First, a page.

Introducing Christine McAteer Support Officer of NECN

 

NECN Support Officer
NECN Support Officer

 

Central to my faith journey is being the person God has created me to be. This might sound incredibly selfish. What about serving others, fighting injustice, self-sacrifice and so on?

When Jesus said, “I am the Way, the Truth and the Life. No one comes to the Father except through me.” (John 14:6) I don’t think he was asking us to force anyone to become a Christian. I think he was modelling how to be yourself and by being yourself and not some caricature, you will attract others to following Jesus. As Catherine of Siena once said,

“Be who you were meant to be and you will set the whole world on fire.”

It’s about listening to God and listening to others as well as being heard. Dietrich Bonhoeffer once said, “The first service of love one owes to others is listening to them.” The first word of the greatest commandment in Deut 6:4 is שְׁמוֹעַ “Shema” which means “Listen!” “Hear O Israel, the LORD our God, the LORD God is one.” And following on from that is the command to “Love your neighbour.”

I started my working life teaching RE and taught for 13 years. Although I enjoyed teaching, most of the time, I felt deeply unhappy and restless. One Lent I decided to take up exercise. A friend of mine persuaded me to try karate. I wasn’t sure that I wanted to hit people, but I gave it a go and found that I really enjoyed it! The karate gave me a new lease of life and energy and helped me to reconnect a part of myself that I suppressed. Eventually I found the courage to leave the security of teaching, the year I achieved my first brown belt grade.

I’d also heard an excellent sermon at the start of that academic year by an ex-Anglican priest where he had referred to a talk by JK Rowling to Harvard graduates about the importance of failure and the use of the imagination. I had become too comfortable, even though I was unhappy. I had forgotten how to be bold and daring. It felt like one of several nudges from God. It was time to move on.

Stay Alert to the Spirit

 

Holy Spirit

 

Are you looking for a new course to stay connected with young people in your community? Read all about the ‘Stay Alert to the Spirit’ programme put together by Jesus Shaped People…

Despite our technology, wealth and 21st Century ‘know how’ we’ve been humbled by a virus, like an elite Premier League Football Club knocked out of the FA Cup by a team no one has heard of. How did this happen, how can we get rid of it, when will it end, how is it going to affect my future are legitimate questions. At Jesus Shaped People we felt there is another important question: What is God saying to the churches?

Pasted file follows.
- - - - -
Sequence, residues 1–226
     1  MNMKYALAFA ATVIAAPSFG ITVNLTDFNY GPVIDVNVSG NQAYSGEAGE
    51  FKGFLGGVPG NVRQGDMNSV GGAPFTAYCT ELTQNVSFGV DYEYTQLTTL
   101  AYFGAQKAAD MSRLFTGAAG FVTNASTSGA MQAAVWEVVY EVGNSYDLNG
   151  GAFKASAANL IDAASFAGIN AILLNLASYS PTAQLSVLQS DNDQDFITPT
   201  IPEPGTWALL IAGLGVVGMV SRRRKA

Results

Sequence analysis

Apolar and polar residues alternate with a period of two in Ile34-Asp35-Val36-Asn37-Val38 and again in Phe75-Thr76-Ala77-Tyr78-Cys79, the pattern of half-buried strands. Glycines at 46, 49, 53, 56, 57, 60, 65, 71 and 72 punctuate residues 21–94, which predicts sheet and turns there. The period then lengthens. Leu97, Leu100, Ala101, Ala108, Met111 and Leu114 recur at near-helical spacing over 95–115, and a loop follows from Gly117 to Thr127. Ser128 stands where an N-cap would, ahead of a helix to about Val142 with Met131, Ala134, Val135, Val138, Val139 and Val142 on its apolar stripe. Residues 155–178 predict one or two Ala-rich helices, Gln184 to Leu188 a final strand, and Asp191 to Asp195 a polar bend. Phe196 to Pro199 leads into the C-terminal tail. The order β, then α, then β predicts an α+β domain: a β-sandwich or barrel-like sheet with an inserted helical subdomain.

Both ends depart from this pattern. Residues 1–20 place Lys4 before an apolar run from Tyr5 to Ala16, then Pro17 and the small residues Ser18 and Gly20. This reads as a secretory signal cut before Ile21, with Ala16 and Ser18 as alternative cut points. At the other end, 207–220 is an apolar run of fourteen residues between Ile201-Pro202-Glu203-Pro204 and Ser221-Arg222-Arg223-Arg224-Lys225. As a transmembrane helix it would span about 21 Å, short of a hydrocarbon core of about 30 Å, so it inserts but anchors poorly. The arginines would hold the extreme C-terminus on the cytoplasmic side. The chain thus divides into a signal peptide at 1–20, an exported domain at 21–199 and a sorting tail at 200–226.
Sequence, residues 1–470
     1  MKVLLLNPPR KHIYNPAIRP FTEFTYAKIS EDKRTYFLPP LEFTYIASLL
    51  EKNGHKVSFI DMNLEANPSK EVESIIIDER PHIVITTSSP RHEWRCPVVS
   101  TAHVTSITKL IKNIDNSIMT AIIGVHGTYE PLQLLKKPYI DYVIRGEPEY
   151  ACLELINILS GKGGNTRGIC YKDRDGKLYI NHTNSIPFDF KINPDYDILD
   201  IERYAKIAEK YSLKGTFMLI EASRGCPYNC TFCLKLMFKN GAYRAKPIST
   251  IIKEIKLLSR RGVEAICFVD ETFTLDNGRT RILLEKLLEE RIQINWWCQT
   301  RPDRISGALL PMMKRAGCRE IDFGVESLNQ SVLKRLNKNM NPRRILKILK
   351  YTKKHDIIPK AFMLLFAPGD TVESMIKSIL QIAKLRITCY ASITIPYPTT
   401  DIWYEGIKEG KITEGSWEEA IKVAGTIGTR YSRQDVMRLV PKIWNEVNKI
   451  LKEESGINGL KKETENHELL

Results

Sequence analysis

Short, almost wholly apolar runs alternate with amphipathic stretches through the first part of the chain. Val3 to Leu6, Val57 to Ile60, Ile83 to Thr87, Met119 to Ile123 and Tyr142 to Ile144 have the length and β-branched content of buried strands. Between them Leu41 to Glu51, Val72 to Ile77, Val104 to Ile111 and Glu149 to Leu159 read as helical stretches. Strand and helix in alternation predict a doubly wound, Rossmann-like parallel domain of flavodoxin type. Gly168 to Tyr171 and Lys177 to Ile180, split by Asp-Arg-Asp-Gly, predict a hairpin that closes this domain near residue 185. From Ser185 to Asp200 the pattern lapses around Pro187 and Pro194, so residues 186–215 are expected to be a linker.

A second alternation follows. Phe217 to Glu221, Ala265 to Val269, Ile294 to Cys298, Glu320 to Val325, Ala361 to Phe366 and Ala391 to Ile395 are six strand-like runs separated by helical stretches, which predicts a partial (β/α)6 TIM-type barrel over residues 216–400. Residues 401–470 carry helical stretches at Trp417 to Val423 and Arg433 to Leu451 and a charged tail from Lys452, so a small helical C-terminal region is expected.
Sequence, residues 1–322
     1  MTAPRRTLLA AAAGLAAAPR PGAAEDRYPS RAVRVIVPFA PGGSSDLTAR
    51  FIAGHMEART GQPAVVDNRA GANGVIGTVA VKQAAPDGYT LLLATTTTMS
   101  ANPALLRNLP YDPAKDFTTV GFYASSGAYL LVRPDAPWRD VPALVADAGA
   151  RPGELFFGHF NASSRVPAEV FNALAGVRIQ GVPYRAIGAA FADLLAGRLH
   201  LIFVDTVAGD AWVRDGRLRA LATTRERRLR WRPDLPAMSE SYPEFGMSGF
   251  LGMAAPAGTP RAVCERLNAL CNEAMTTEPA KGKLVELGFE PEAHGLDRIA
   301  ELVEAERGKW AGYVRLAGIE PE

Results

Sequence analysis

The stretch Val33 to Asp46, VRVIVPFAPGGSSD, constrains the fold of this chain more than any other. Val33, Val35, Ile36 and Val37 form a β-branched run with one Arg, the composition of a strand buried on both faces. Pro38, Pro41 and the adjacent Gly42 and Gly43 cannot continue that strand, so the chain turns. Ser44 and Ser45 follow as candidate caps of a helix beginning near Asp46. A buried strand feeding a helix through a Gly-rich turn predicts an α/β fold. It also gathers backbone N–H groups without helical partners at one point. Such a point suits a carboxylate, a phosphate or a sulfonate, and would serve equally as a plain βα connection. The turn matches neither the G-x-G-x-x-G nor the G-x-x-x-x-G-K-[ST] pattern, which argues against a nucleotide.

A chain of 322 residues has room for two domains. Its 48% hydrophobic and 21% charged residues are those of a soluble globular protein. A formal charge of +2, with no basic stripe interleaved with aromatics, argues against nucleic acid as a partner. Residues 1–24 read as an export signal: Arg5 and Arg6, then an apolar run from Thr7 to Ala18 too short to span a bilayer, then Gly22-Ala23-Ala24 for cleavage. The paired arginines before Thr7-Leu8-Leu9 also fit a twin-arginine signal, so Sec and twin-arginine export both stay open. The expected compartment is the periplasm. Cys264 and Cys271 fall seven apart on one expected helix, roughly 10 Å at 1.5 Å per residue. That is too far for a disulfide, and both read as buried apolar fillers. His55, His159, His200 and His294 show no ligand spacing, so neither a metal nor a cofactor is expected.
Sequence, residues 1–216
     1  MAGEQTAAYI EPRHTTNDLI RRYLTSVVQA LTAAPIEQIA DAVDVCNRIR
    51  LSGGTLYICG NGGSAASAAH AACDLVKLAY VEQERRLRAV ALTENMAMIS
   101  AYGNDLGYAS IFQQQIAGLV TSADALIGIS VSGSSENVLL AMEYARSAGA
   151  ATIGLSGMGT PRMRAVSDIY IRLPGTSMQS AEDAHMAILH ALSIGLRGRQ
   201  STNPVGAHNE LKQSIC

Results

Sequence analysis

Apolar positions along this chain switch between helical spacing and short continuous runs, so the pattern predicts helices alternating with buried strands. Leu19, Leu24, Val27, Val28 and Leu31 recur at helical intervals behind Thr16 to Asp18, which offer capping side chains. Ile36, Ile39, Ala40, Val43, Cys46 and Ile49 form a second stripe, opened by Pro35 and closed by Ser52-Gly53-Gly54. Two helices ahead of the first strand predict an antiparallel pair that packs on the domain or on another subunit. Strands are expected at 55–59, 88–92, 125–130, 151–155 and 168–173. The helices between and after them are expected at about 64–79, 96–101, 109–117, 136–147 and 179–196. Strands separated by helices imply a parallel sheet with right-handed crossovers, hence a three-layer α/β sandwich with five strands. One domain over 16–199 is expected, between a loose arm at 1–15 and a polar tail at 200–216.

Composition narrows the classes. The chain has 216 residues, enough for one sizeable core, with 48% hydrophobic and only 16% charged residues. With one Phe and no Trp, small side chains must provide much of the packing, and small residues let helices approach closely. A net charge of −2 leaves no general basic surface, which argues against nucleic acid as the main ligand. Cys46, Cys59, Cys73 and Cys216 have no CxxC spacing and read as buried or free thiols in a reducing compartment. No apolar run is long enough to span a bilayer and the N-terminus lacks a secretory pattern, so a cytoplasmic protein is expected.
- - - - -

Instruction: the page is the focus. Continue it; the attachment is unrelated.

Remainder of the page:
This ‘liminal space’ is a teaching moment and waiting time. The spectre of suffering, death, economic meltdown, loss, sudden change, and acute anxiety has at least temporarily arrested our attention and captured collective imagination.

Young people have been especially hit hard by the pandemic.  ‘Stay Alert to the Spirit’ (SATS) is a 7 week resource that includes material/ideas for worship, small groups, sermons, teaching and intergenerational worship to be used in buildings or on line and offered free of charge.  SATS is not an answer but a tool to help churches gather around this question; ‘What is God saying to the Churches’ and allow voices on the margins to be properly heard and be a part of the future.

For further info contact:

Brendan Bassett   07470136193  brendan@jesusshapedpeople.net   
Or visit our website www.jesusshapedpeople.net

For specific queries about the intergenerational material contact dawn@jesusshapedpeople.net

Proximity Conference 2021

Network for every estate

We wanted to let you know that Proximity is heading back online for 2021!

Running from 7-8 May, Proximity is our annual Urban Mission Conference and it’s totally FREE. We’ll be joined by inspiring and challenging speakers including Bob Ekblad, Rachel Gardner, Josh Smedley, Andy Hawthorne, Sam Ward and Sarah Small who will help each of us explore God’s call to his church to Mobilise.

Over the two days we’ll be digging into the book of Philippians and will be equipped, inspired and challenged for urban mission through teaching, TED-style talks, stories and worship. Whether you’re just exploring the call to mission, or whether you’re in this for the long-haul, it’s time to mobilise!

To book your free tickets and to keep up-to-date with our programme and speakers visit: Proximity 2021: Mobilise – The Message

Please do promote in your churches and networks and share with your friends.

The World of Jesus a New Course from Jesus Shaped People

Jesus Shaped People

A new 8 week online course on Wednesdays from April 7th, 7–9 pm

Gordon Dey from Jesus Shaped People has created an eight-week, Zoom-driven course entitled World of Jesus that draws from his experience of leading pilgrimage groups to Israel and Palestine over the past 30 years.